Logan Wroge: Throughout the public comment period, board members faced accusations of racism and white supremacy for not doing enough to improve the school environment for students of color. Brandi Grayson, co-founder of the Young, Gifted and Black Coalition, said black children act out in school because they are “dehumanized every day, all day.” “Because […]
Negassi Tesfamichael: “We initially started as a way to create a safe space for black educators, whether it’s teachers, staff, anyone who has contact with children,” said Rachelle Stone, a fourth-grade teacher at Huegel Elementary School. “We first pushed the district to make sure the curriculum was culturally relevant. It wasn’t until this year that […]
Chris Rickert: What is the most pressing issue facing the Madison School District and how would you address it? Blaska: The overly bureaucratic Behavior Education Plan is both symptom and cause. After four years and $15 million, suspensions have declined 15 percent but “behavior incidents” have nearly doubled and the racial disparity remains unmoved. Worse, […]
Amos Roe: What defines a good school? Nearly every report, comparison or analysis on education labors under the assumption that this can be found in some form of test scores. Ever since No Child Left Behind made its debut in 2001, top-down government-funded education has proceeded from one failed experiment to another. Testing is now […]
Logan Wroge: What is the most pressing issue facing the Madison School District and how would you address it? Mertz: Trust and accountability. Providing our students with the education they deserve requires repairing the collapses of trust within our schools, and between our families and our schools. We need to exercise respect for one another, […]
Chris Rickert: Endorsements in this month’s School Board primary from the influential Madison teachers union include one for a candidate who sends her two children to the kind of charter school strongly opposed by the union. Madison Teachers Inc. this week endorsed Ali Muldrow over David Blaska, Laila Borokhim and Albert Bryan for Seat 4; […]
David Blaska: The occasion was a school board candidate forum. An organization named GRUMPS sponsored it. It stands for GRandparents United for Madison Public Schools. Its major domos are former school board members Nan Brien, Anne Arnesen, Barbara Arnold, Arlene Silviera, and Carol Carstensen. We also encountered former board guys Bill Keyes, Bill Clingan, and […]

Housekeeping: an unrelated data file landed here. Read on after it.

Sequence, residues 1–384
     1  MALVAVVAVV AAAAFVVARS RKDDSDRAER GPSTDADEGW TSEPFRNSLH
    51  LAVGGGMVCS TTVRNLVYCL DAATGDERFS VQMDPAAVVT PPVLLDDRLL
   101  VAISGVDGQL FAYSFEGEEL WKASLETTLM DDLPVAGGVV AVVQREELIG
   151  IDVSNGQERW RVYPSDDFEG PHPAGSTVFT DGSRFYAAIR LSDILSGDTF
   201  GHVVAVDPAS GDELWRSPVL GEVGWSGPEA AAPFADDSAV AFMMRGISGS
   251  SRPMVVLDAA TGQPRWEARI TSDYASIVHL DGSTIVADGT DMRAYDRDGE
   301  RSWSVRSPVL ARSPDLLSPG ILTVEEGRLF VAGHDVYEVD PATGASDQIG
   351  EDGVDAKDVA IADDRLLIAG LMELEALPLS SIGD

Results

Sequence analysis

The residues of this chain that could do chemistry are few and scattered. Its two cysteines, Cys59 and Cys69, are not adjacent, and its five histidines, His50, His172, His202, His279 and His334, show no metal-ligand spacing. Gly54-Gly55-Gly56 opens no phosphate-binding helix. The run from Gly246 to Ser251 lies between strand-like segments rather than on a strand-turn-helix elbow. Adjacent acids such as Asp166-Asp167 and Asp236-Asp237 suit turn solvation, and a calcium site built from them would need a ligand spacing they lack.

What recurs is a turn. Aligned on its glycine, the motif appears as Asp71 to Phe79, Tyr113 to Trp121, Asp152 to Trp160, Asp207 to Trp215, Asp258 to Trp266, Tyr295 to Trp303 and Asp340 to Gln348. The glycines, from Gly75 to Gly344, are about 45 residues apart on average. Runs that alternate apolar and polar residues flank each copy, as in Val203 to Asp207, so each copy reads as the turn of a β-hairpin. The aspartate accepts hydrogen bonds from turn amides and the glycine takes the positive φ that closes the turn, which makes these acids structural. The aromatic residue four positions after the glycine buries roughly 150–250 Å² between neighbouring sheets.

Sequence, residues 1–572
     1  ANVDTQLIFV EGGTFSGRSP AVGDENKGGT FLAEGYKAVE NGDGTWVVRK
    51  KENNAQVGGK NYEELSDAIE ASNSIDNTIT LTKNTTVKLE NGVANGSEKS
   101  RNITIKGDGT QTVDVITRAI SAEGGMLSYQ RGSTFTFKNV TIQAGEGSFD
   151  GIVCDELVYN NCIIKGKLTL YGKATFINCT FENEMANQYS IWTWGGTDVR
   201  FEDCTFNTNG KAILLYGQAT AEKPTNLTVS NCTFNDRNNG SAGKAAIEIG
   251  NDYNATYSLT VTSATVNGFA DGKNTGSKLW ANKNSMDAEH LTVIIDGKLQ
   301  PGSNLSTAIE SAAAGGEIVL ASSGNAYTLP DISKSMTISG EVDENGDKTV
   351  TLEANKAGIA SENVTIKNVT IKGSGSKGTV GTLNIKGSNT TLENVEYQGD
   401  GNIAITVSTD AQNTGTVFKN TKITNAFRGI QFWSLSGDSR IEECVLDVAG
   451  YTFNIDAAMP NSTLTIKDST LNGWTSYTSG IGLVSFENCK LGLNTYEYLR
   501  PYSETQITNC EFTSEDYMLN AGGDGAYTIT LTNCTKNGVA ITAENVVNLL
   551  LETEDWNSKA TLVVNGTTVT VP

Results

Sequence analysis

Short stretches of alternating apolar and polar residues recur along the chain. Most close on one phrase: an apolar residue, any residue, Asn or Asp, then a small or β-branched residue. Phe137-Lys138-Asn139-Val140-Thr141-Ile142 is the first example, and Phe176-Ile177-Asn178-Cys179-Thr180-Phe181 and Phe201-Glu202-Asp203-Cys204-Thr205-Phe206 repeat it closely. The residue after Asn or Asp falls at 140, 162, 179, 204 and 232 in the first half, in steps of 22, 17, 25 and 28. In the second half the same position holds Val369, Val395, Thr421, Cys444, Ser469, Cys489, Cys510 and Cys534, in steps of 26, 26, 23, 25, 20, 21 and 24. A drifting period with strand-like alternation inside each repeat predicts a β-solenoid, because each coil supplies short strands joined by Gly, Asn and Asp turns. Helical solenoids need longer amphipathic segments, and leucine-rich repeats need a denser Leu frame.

I’ve added the following audio recordings to the 2019 Madison School Board Candidate page. WORT FM Candidate discussion 2.5.2019 Cris Carusi and Kaleem Caire [mp3 audio] Mr. Caire: “If we don’t reach our benchmarks in five years, they can shut us down”. There is no public school in Madison that has closed because only 7 […]
Negassi Tesfamichael: MTI cited Carusi’s opposition to voucher and independent charter schools in its endorsement. “Carusi is opposed to vouchers and independent charter schools and strongly believes that we need to continuously work to improve our public schools, rather than support alternatives,” MTI’s endorsement said. Caire’s One City Schools, which expanded from One City Early […]
Chris Rickert: According to emails released to the State Journal under the state’s open records law, Superintendent Jennifer Cheatham on Sept. 10 asked her chief of staff, Ricardo Jara, and other front-office officials whether Arbor was “worth trying to stop? Or change somehow? If so, how?” Cheatham expressed the district’s opposition to the school in […]
Christopher Osher: But districts are free to use their READ Act per-pupil funds on whatever curriculum they want, even on interventions researchers have found ineffective. “Typically, as with any education policy, we’re only given so much authority on what we can tell districts to do and what we monitor for,” Colsman said in an interview […]
Chris Reed: In August 2009, at a seminar in Sacramento sponsored by the Public Retirement Journal, the chief actuary of the California Public Employees’ Retirement system — who thought he was at a closed event with no media present — made a grim, startling pronouncement that was unlike anything ever said publicly by his bosses […]
Negassi Tesfamichael: With the Madison School Board primary election less than a month away, a crowded field of nine candidates will make their case to voters in the coming weeks, starting with a forum on Feb. 5. Here’s a closer look at how candidates are making their case to voters. Seat 3 Kaleem Caire, an […]